Gongol.com Archives: March 2017
Columnist "Lexington" in The Economist points to the lack of substance in the President's address to Congress: "Republican members of Congress are also realising that identity beats conservative principles in this new politics of the right." This is all a terrible reflection of the last decade or so: President Obama undermined the Democratic Party by trying to be a superstar floating above it all. President Trump undermines the Republican Party by existing in a space of empty populism outside the range of commitment to principle. ■ Ideology gets a bad reputation, but there's a difference between blind partisanship and committed ideological consistency. Blind partisanship has very little social payoff; if it's "my party, right or wrong", then nothing good will come of it. But the person who can extract conclusions from a defined system of beliefs that draw from an informed understanding of history and philosophy is a person who can behave with some predictability and who can fall back on the strength of convictions even when challenged by new and novel opposition. ■ Grounding oneself in a principled ideological framework doesn't mean one has to be rigid or act with blinders on. It's less about acting like an unmovable brick wall, and more like behaving like a moored buoy -- free to move with the currents of news and events just like the waves of the ocean, but tethered to a fixed location.
A thousand stores will get the kiosks -- because customers like them and they pay for themselves in two years. Those who want to fight for a $15-an-hour minimum wage should take note. Time and energy would be better spent campaigning on behalf of systems for better job training and human-capital development than fighting for regulations that will only hasten the arrival of the technology that will displace lesser-skilled workers.
A man is charged with murder in what looks like a clear-cut case of race hatred. A much better man -- one who tried to intervene in defense of the two Indian men who were killed -- is in the hospital with injuries.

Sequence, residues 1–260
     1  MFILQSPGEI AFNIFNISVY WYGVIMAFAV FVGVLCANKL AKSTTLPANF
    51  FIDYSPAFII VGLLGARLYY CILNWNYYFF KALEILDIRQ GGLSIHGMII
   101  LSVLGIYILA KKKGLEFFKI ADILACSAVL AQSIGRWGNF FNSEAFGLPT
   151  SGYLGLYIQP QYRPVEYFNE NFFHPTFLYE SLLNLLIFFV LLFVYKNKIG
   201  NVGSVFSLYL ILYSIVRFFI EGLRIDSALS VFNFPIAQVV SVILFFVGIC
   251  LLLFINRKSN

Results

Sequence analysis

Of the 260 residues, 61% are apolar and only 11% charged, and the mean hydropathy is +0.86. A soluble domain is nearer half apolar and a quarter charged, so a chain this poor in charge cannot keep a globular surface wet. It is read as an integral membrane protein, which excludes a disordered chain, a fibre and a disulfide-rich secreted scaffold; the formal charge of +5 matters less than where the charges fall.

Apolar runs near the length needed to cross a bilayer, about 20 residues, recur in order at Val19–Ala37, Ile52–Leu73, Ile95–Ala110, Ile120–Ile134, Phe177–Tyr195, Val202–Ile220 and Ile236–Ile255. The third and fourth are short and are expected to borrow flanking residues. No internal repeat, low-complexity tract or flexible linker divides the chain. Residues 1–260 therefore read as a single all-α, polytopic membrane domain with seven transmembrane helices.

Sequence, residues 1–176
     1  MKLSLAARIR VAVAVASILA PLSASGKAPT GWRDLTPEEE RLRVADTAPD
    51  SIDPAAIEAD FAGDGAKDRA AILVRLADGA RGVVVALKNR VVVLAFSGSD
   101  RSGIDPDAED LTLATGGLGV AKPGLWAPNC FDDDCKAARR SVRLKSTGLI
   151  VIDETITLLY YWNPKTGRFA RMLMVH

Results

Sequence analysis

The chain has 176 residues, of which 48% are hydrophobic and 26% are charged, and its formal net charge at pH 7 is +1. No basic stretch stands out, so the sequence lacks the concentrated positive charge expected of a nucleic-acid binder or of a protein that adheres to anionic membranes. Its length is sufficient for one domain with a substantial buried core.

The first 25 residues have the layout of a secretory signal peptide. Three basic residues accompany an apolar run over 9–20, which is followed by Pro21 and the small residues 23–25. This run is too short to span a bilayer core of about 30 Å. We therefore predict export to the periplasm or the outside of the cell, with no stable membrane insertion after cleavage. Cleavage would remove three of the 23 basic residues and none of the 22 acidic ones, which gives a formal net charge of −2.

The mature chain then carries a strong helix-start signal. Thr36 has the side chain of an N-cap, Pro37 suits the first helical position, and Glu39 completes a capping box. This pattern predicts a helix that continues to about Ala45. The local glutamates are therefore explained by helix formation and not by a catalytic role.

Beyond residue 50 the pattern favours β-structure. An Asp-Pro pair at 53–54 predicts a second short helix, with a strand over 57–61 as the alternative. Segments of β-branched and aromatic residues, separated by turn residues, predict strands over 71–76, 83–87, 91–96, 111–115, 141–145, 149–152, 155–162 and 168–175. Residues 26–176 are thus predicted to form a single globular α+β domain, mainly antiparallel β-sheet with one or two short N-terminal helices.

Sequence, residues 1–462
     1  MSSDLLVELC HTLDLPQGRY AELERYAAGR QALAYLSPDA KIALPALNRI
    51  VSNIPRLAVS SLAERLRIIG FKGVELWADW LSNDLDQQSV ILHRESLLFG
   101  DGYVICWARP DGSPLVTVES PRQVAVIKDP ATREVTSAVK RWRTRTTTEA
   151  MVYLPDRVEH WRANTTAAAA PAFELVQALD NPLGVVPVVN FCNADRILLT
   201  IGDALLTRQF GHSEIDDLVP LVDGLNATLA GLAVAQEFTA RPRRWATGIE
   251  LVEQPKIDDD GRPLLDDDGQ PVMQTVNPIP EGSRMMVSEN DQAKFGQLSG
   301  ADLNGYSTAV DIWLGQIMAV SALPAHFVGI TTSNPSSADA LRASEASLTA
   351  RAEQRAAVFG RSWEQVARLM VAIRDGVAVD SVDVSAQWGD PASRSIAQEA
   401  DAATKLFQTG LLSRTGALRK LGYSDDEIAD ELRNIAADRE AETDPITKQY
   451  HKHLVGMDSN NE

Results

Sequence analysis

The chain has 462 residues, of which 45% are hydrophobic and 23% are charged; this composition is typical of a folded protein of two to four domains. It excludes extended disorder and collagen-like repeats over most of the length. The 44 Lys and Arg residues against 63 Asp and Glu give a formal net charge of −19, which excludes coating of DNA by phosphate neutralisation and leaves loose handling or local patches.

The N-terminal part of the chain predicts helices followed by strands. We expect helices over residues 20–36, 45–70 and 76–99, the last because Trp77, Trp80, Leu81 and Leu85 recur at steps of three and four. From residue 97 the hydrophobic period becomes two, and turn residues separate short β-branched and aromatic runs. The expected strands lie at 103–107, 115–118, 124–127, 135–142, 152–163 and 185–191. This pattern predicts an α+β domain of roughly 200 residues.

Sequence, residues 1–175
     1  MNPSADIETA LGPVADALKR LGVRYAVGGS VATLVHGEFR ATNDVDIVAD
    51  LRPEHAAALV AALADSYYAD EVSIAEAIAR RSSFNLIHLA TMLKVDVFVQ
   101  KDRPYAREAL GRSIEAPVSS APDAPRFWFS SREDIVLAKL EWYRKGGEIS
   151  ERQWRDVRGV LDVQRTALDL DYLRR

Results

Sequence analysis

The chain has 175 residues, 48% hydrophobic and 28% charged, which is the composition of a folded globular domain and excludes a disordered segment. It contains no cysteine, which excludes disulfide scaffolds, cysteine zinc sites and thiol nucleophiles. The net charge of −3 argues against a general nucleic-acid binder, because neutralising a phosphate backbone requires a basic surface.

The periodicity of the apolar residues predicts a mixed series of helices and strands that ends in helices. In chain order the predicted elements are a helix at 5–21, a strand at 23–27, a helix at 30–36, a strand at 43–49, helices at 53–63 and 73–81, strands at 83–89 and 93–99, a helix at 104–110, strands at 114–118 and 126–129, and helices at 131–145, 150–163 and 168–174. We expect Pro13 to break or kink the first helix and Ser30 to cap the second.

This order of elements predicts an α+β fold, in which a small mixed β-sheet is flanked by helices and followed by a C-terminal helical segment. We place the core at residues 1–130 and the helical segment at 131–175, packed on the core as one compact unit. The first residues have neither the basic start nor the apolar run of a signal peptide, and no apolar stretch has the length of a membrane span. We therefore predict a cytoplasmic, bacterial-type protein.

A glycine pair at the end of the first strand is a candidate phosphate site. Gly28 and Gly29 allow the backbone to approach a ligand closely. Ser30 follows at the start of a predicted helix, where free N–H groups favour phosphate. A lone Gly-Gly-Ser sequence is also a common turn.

Accounts that look abusive will be isolated via artificial intelligence. Individuals can mute tweets that include words they don't want to see. Account types can be filtered out as well. The changes should be helpful in general, but the bad behavior on the platform is so widespread it may be hard to shut it down entirely.
Jeff Immelt, in his letter to shareholders, calls it "an era when trust in big institutions is so low that the most valued 'strategy' is simply change in any form."
The Attorney General has recused himself from "any existing or future investigations of any matters related in any way to the campaigns for president of the United States". It's a necessary step -- the perceived misconduct is severe, and Jeff Sessions seems to be too close to the matter to be able to give it fair and impartial oversight.
The appalling, utterly inhumane abuse of a Chicago 8-year-old -- at the hands of her father and grandmother -- is all the proof society should require to know that parents do not have absolute authority over their children. At some point, the state is obligated to step in to protect the welfare of the defenseless. And if we as voters, citizens, and taxpayers fail to adequately fund -- and demand accountability from -- the systems required to protect those kids, then we become unwitting accomplices in their harm.
The actress actually has a sensible policy for her personal security. She'll talk with fans, but won't take pictures with them, knowing that some will share those pictures immediately with geolocation tagging -- giving away her location. It's actually just an extension of the kind of behavior we all should practice -- wait until you're home to post pictures of yourself when you're out. Don't give away your locations, travel patterns, or routines if you don't have to.
It's taken too long, but the more we recognize culturally that females shouldn't be bounded by oppressive taboos any more than should males, the better off we'll be. As Warren Buffett has said, "Look what's happened since 1776, most of the time, using half our talent." There's no reason to hold back anyone's full potential.
A disappointing attempt at a book-length treatment of material that would have been entirely serviceable as a short article or workbook
That's the message the church is trying to promote in Venezuela -- so that people who throw out food scraps can indicate where that food waste can be found by those who are scavenging for something to eat. There is no acceptable reason why a country like Venezuela should have starvation happening today -- but authoritarian government and economic isolationism have come together there in such a way that even in the midst of vast potential oil wealth, the population is going hungry. Politicians can't make an economy grow -- but they clearly have the power to destroy its potential.